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University Solar Team Switches Focus From Competition to Near-Production Ready Vehicle; Changing the Solar-Powered Paradigm

The new Sunstang is a three-wheel, fully electric, single-passenger vehicle. Click to enlarge.

After 17 years of building solar cars to enter into competitions—the World Solar Challenge and the American Solar Challenge—the Sunstang solar team at The University of Western Ontario is shifting its focus to developing a near production-ready commuter vehicle.

This next-generation Sunstang is based on the team’s re-evaluation of the solar-powered vehicle paradigm. Rather than trying to use solar cells to provide power directly to the vehicle, the new Sunstang will use a removable battery system which will be recharged by a residential solar charging stations. One battery pack will remain on the charging station, while the other is in the car.

The issue with the competitions is that the difference between our car, which was basically the lowest budget possible, to the cars that were winning is the solar panels and that’s it.

—Geoff Gauthier, project manager for the Sunstang

Efficiency to cost ratio. Source: Sunstang team. Click to enlarge.

Today’s solar race vehicles are nearing a technical saturation point in which little improvement can be made without a growth in efficiency of the solar panels, the Sunstang team says. The team calculated that the cost of solar panels grows nearly exponentially with an increase in efficiency. Not only does this create major issues for racing vehicles, it suggests that applying these technologies directly to a practical vehicle would be in vain, the team concluded. Hence, the switch in the solar-powered model to using swappable batteries recharged by home solar stations.

The new Sunstang is a three-wheel, fully electric single passenger vehicle with a steel chassis and composite body. The car will be powered by a 10.5 kW CSIRO motor designed for solar racing. The car has a top speed of 135 km/h (83 mph) and can drive approximately 200 kilometers (124 miles) based on a speed of 120 km/h (75 mph) or up to almost 300 km (186 miles) in the city on a fully-charged battery.

The interior will be similar to a traditional car: it will have more than two cubic meters of storage space and a spare tire.

Sunstang has received a $10,000 donation from Yokohama Tire (Canada) Inc., which distributes tires for high performance, passenger car, commercial and off-road vehicles. Yokohama is considering designing and producing a tire specifically for the new Sunstang project.

The group plans to drive the vehicle across Canada in August or September to raise awareness and build exposure for the team. There are 32 members from the Faculty of Engineering and other faculties across campus working on the design and production.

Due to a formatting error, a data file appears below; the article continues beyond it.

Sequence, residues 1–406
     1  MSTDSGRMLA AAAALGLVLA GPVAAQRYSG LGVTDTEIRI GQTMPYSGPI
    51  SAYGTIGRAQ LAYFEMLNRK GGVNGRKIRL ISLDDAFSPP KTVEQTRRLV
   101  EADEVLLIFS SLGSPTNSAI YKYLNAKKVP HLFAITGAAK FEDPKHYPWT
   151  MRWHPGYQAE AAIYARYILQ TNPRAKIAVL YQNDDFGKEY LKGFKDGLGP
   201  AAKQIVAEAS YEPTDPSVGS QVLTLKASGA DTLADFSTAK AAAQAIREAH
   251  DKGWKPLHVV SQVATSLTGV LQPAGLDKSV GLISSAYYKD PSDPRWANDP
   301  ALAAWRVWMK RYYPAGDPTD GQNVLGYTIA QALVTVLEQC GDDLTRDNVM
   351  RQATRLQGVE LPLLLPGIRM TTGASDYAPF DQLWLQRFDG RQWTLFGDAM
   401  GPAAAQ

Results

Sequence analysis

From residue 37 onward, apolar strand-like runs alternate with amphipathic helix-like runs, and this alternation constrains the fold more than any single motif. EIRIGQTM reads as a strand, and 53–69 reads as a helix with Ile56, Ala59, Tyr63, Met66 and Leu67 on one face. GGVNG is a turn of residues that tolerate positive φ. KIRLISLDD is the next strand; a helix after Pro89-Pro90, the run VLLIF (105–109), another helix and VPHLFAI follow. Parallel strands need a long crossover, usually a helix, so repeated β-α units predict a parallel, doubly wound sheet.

At this point, the group has finished its design and is manufacturing the vehicle. The battery system is in the designing process.



The major problems with inductive charging are added cost, inefficiency (conversion and transmission) and EMF worries. If you have a choice of paying $2500 for an inductive system with 30% losses or $200 for a retractable cable on a reel with roughly 100% efficiency, what would you choose? Especially when your avant-garde neighbor with the drive-on charger complains about the heat in the garage in the morning?

Mondern industrial robots are more than capable of inserting a plug into a receptacle. Sooner or later the conductive charging system is going to be just as convenient as inductive, and a whole lot more efficient. The only way induction can compete is if it can be installed in the road to charge while vehicles are in motion, and at today's cost of road repair I don't see it happening.


Yes but in the road, it is STILL wastes 30% and is still expensive.

Henry Gibson


Yes. Connectors in the pavement. Some streetcars in France do this and non electronic versions were available a century ago. Forty-eight volts direct current is not highly dangerous, but modern electronics and robotics allow safe current control and automatic connection at low cost in any case. ..HG..


At 48 volts, you'd need kiloamp currents to power individual vehicles. That has problems all its own. Higher voltages are necessary.

If you go from rubber tires on pavement to steel wheels on rail, you can use the rail as the return path for power from a single overhead wire. This also handles your lateral guidance and can carry much heavier loads. The improvement in safety and maintenance ought to be able to pay for lots of new infrastructure.


Maybe plug in at every stop light with electronic billing like those California toll roads

Maybe sell the rights to vendors.

Instead of driving around to get gas at 5 cents less a gallon, we would follow routes with the cheapest hookups.

"I'm late for work cuz my Fastrak-GPS routed me thru Barstow."

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